For the first time, researchers have been allowed to slice through Neandertal teeth. This coup is providing the best evidence yet that these creatures grew and developed at the same slow rate as modern children. Neandertals even had enough time to complete most of the development of their large brains in childhood, like modern humans.
Some paleoanthropologists have proposed that Neandertals grew up faster than modern humans so they could become fertile sooner. This would have helped ensure they would produce enough offspring to survive in the frigid climate of Europe 200,000 to 28,000 years ago, but it would have provided less time for brain development as children. In contrast, modern humans inhabited the warmer climes of Africa and western Asia until they swept into Europe 40,000 years ago. They may have lived longer as adults, enabling them to delay becoming parents so they could prolong their childhood and develop larger brains. A 2004 study supported this hypothesis by showing that Neandertals' front teeth grew faster than those of modern humans, indicating the species reached adulthood more rapidly (ScienceNOW , 28 April 2004).
A challenge came in 2005, after another team of researchers used the same method to count layers of enamel on the outside surface of Neandertal front teeth. But they also applied the method to modern humans from around the globe and found that the Neandertals' tooth development fit within the range for the diverse modern humans. Hence, both Neandertals and modern humans appeared to have similar childhood development patterns (ScienceNOW , 19 September 2005). Still, the study was limited because front teeth cannot provide detailed information about daily growth rates.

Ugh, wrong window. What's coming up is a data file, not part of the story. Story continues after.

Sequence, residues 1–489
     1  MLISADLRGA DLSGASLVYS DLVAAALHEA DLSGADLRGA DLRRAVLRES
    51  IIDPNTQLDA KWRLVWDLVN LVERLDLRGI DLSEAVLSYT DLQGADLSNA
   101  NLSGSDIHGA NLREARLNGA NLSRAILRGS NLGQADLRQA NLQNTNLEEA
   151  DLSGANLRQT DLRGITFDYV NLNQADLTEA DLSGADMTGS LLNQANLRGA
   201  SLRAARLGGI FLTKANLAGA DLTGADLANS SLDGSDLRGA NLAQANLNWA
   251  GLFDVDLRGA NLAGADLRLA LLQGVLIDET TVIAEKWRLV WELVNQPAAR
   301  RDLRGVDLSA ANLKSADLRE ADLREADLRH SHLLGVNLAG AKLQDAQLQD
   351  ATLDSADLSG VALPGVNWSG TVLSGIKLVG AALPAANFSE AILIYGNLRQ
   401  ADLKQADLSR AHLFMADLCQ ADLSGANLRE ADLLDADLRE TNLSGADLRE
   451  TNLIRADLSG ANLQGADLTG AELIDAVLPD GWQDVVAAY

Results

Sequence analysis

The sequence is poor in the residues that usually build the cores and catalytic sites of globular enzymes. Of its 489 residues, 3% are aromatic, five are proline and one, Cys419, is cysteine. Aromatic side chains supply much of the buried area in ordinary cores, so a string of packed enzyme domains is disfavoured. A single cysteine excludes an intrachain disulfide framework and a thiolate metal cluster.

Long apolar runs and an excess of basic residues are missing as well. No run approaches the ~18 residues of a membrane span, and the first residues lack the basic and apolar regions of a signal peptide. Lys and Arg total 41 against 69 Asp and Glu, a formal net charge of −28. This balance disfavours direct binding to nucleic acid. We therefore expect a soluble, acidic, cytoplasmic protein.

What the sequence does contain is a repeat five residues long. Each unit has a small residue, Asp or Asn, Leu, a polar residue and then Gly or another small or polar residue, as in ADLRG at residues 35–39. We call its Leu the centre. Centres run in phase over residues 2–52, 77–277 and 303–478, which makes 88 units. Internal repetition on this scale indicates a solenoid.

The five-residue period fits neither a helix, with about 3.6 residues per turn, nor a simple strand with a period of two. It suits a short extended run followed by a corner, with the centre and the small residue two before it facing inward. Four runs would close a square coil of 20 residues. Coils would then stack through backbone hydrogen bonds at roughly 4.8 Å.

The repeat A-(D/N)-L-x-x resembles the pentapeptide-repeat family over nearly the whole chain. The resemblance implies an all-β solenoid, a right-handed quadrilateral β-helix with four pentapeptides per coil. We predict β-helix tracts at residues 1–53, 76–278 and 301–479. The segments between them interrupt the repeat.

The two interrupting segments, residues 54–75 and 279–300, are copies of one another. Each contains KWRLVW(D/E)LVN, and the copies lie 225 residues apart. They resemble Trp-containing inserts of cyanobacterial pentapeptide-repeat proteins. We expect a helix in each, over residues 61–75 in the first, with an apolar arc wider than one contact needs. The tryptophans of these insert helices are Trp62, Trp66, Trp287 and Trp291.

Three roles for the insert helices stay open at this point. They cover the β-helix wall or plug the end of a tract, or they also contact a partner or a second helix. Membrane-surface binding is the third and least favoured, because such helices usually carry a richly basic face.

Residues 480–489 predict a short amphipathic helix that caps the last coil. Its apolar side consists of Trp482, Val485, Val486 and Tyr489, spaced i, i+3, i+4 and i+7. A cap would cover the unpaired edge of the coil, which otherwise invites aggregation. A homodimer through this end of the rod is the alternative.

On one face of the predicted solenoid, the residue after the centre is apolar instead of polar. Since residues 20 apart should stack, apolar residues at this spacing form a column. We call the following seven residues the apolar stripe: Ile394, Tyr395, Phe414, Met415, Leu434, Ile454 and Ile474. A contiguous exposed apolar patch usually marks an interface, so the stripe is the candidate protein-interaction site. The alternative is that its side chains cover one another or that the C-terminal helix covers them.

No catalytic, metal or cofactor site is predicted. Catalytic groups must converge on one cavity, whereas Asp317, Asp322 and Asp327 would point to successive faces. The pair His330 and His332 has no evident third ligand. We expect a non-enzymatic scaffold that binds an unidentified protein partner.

Molars, whose development is more complex, harbor this information. Like trees and shells, teeth grow in an incremental manner, preserving a record of their growth in the form of striated lines. In molars, these lines are laid down daily, and dramatic dark lines even reveal the stress of being born. Seeing these lines, however, involves slicing into the tooth--something curators of Neandertal specimens were loath to have researchers do.
Fortunately, a team of British and French researchers was able to get permission to do this thanks to a multidisciplinary effort involving curators at French museums where the molars are kept. When the researchers sliced thin sections of the molars, they noticed important similarities between Neandertals and modern humans. The dark birth line emerged at about the same time in dental development as in modern humans, indicating that Neandertal teeth developed at the same rate as modern human teeth do around the time of birth, the team reports online today in Nature. The researchers also found that the crowns and roots of the Neandertals grew at the same rate of those of modern humans, with root growth complete by age 9 as in modern children. "This all points to a dental developmental schedule that was most like that in modern humans," says anatomist and lead author Christopher Dean of University College London, who also is a dentist.
Paleoanthropologist Gary Schwartz of Arizona State University's Institute of Human Origins in Tempe says the findings will allow researchers to chart Neandertal development, "down to the level of a day." With this information, he says, scientists should be able to get a firmer handle on how Neandertals and modern humans came to differ from their ancestors late in human evolution.